Americas: ELN and government scheduled to resume peace talks

Sectors: all
Key Risks: policy continuity; terrorism; targeted attacks

In Colombia, the government and the ELN guerrillas are expected to launch the sixth round of formal peace talks on 2 July in Cuba’s capital Havana. The sixth round was originally scheduled to begin on 20 June and was initially postponed to 25 June. The second postponement was allegedly due to talks between the current administration and the incoming one, due to take office on 7 August. The ELN expressed concern over president-elect Ivan Duque’s intention to impose stricter conditions for the dialogue to continue. The ELN reiterated its willingness to move forward with the talks, but post-August continuity cannot be entirely guaranteed as the guerrillas might be reluctant to accept Duque’s conditions to negotiate peace, which will likely include a unilateral ceasefire. Uncertainty over the future of the ELN peace process is expected to increase over the coming weeks.

Asia-Pacific: Talks over Freeport divestment completed with agreement expected in mid-July

Sectors: mining
Key Risks: frustration of process; business risk

On 2 July Indonesia’s SOE Minister Rini Soemarno announced that negotiations over the purchase of a majority stake in Freeport McMoran’s Grasberg gold and copper mine by state-owned mining company Asaham Aluminum (Inalum) have been completed. Freeport agreed to sell 51 per cent of its shares in its local unit that operates the Grasberg mine to Indonesian investors back in August 2017. The divestment is part of a new law requiring that a controlling share of the mine be locally-owned. Negotiations between Freeport, joint venture company Rio Tinto and Inalum have faced repeated delays amid disagreements over valuation. Soemarno hinted that Inalum’s share purchase will take place in mid-July and the upcoming agreement will address investment programs to maintain business stability during the divestment process. This will be seen as a major victory for the Jokowi administration ahead of presidential elections in 2019.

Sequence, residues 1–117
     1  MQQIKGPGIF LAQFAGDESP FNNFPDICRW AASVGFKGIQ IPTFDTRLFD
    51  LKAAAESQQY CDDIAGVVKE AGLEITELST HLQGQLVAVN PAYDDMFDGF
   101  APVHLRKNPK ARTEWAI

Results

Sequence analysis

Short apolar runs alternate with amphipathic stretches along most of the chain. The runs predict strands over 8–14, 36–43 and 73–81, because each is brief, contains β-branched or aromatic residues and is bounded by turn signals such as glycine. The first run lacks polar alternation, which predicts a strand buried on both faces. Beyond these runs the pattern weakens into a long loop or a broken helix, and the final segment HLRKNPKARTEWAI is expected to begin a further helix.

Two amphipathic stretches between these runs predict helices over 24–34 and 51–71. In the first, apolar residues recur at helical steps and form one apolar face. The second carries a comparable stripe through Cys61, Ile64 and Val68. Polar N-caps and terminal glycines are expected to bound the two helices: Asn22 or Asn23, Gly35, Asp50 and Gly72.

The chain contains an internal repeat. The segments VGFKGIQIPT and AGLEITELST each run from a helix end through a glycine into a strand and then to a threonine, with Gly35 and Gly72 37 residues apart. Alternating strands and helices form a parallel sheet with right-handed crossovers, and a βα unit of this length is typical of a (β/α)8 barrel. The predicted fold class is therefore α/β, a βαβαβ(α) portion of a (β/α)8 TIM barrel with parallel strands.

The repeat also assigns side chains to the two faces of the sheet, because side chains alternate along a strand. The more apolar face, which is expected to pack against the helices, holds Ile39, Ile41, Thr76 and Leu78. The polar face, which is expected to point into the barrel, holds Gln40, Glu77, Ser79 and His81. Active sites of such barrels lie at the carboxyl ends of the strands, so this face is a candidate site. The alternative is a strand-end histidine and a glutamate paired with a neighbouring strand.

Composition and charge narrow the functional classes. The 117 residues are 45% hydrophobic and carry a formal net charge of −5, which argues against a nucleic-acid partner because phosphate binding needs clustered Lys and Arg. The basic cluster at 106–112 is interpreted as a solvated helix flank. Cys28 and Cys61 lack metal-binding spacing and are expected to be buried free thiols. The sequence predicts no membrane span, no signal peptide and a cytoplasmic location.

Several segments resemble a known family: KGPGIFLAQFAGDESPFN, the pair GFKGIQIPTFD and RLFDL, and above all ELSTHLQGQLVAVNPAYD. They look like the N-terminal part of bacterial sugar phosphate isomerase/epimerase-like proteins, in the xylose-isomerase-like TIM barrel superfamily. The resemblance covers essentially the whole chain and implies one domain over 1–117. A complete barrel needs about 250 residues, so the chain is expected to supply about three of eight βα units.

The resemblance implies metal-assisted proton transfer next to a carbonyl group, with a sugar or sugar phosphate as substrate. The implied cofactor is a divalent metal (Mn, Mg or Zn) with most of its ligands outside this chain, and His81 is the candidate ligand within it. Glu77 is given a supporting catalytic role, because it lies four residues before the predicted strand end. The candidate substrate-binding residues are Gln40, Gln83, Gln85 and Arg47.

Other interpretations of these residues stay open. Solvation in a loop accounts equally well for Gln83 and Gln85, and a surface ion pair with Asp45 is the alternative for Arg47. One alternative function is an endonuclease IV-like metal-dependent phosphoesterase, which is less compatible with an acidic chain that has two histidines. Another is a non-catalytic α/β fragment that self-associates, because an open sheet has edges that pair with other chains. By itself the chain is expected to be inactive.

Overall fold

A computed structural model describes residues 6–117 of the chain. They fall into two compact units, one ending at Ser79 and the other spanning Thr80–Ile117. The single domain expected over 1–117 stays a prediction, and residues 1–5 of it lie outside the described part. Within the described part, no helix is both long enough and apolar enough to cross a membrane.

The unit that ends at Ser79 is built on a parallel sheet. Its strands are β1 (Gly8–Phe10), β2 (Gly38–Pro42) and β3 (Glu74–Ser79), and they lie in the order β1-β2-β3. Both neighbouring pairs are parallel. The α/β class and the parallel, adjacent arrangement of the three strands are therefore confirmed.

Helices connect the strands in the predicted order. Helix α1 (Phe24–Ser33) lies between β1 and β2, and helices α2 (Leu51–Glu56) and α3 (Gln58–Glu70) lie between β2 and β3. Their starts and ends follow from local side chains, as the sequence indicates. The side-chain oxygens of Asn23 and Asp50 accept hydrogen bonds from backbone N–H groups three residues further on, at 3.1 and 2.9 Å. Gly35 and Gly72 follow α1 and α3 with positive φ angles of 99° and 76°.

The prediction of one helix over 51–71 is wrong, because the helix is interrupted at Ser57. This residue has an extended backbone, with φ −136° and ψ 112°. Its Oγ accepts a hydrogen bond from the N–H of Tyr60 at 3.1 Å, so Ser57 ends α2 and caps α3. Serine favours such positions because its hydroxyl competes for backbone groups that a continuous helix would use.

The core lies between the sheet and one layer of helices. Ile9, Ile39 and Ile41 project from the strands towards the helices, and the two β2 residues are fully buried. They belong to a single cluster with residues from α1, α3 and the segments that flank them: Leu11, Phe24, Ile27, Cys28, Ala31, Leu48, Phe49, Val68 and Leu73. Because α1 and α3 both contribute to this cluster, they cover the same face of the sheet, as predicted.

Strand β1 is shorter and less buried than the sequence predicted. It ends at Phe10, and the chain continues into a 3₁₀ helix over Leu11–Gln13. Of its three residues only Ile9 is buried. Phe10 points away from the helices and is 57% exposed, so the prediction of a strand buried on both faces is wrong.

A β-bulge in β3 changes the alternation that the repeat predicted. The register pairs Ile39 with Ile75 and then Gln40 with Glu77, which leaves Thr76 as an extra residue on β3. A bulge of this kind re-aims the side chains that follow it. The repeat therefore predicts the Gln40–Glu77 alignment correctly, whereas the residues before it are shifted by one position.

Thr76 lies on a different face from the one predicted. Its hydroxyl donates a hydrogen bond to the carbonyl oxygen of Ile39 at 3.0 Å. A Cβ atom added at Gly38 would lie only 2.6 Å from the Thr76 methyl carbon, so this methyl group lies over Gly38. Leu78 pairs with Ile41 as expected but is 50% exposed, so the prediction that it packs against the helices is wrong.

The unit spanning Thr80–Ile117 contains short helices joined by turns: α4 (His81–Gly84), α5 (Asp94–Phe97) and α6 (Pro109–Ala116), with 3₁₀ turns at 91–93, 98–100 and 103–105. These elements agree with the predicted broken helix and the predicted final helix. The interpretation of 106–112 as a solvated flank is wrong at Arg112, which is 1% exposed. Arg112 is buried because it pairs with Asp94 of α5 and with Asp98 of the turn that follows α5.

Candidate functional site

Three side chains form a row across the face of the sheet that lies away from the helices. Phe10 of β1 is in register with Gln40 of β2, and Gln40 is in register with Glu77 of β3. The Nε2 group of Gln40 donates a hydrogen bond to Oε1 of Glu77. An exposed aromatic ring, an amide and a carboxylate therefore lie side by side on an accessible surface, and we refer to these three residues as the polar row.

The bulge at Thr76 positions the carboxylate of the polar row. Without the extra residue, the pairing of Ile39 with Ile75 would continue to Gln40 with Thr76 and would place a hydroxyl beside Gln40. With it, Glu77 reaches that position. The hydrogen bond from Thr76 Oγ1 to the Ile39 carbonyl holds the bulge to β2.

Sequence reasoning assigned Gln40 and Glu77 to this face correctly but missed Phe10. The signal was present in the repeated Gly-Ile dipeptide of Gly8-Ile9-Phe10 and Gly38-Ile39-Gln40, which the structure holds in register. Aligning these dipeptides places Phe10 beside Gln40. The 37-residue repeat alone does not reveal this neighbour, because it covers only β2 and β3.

Eurasia: IFC issues first Uzbek som-denominated bond

Sectors: sovereign; banking
Key Risks: sovereign risk

The first Uzbek som-denominated bonds were listed in London, in a move that could enable further such issuances. The som was allowed to float freely against the dollar after years of a controlled currency policy last September. Revelations over the relatively strong state of the Uzbek government’s finances, growing FDI, and ample gold supplies, means that the currency has in fact since strengthened by some 7 per cent against the US dollar. The Uzbek government is still seeking to issue its first Eurobonds, although it is unclear when it will and it has not commented on the apparent delay in the issuance. The som-denominated bonds were issued for Hamkorbank together with the support of the IFC but should enable additional trading of Uzbek-linked instruments and provide a better view as to market sentiment on the country.

Europe: EU initiates legal proceedings against Poland over Supreme Court reform

Sectors: all
Key Risks: protests